Worries about third wave of H1N1

REGION — Although area public health officials say H1N1 infection rates appear to be waning among most communities in the Northwest Corner, they are concerned a third wave of infections could hit the area even harder later next month.

James Rokos, the director of the Torrington Area Health District, told The Journal that his office has received unofficial reports that the number of people suffering from flu-like symptoms who are out sick from work and school is “waning.â€

“But it’s hard to know exactly what’s happening out there,†Rokos added.

The district serves the towns of Winsted and Norfolk, as well as Torrington and several others in the area.

Richard Matheny, the director of the Farmington Valley Health District, said his staff has also heard similar reports of lowering infection rates.

“Anecdotally, I’ve heard that — at least in the schools — there has been a leveling off of absenteeism,†Matheny said, although he added that the district does not yet “have any hard figures to back that up.â€

The district serves the residents of Barkhamsted, Colebrook, Hartland and New Hartford, as well as six other nearby towns.

“But we’re still seeing lab reports coming in indicating there’s certainly influenza in the community, and most of it is more than likely the pandemic H1N1 variety,†he said.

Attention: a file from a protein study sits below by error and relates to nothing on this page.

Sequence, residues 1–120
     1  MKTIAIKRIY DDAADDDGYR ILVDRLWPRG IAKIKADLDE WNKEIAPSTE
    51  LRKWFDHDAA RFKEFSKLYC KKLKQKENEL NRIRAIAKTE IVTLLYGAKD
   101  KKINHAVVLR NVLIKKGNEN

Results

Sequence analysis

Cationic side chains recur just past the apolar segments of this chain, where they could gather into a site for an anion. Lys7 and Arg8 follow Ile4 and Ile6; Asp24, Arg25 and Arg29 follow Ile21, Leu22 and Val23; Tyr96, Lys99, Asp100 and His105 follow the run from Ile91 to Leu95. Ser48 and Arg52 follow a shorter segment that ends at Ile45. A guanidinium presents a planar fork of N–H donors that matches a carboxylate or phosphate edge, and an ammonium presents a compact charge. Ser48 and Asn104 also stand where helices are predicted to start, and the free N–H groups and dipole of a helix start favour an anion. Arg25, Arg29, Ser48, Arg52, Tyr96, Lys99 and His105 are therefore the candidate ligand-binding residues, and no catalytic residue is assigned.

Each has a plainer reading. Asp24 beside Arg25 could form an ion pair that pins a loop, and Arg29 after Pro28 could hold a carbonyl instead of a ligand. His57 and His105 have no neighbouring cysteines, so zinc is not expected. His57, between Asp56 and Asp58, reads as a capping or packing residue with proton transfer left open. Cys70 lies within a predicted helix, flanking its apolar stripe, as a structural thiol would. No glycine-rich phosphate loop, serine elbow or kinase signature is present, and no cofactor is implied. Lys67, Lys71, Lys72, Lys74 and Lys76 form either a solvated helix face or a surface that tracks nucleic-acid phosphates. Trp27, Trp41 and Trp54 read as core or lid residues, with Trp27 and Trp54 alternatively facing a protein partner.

Absentee rates within the Winchester and Region 7 school districts also suggest a declining infection rate.

Winchester Public Schools Superintendent Blaise Salerno said his schools had about 6 percent of their students out with flu-like symptoms last Friday.

That number has been as high as 8 or 9 percent over the past few weeks.

“We have been monitoring very closely how we are doing,†Salerno said.

The Region 7 School District has seen its absentee rate fall over the last few weeks.

Clinton Montgomery, Region 7 superintendent of schools, said Tuesday the district’s number of students out with flu-like symptoms peaked “several weeks ago†at 8 percent.

Since then, the number has been in a steady decline, and now sits at about 3 percent.

“It’s very low now,†Montgomery said.

But health-care professionals are concerned that an expected third wave of H1N1 infections could not only affect more people, but also bring with it a more severe form of the virus.

Rokos said the area is now in the final stages of a second wave of infections. Each wave of the virus is estimated to last about six to 12 weeks. And so, area officials are preparing for a third wave, which could hit the area just in time for the holiday season.

“And it’s the severity we worry about,†he said of third wave.

To help combat the virus, both health districts have held H1N1 vaccination clinics. Although the Farmington district is holding an appointment-only clinic tomorrow, it was already filled up at press time.

Both departments say that the availability of the vaccine has improved over the last couple of weeks, and the districts are working to set up additional clinics.

For more information, visit the Torrington Area Health District Web site at tahd.org or call 860-489-0436; or visit the Farmington Valley Health District Web site at fvhd.org or call 860-676-1953.

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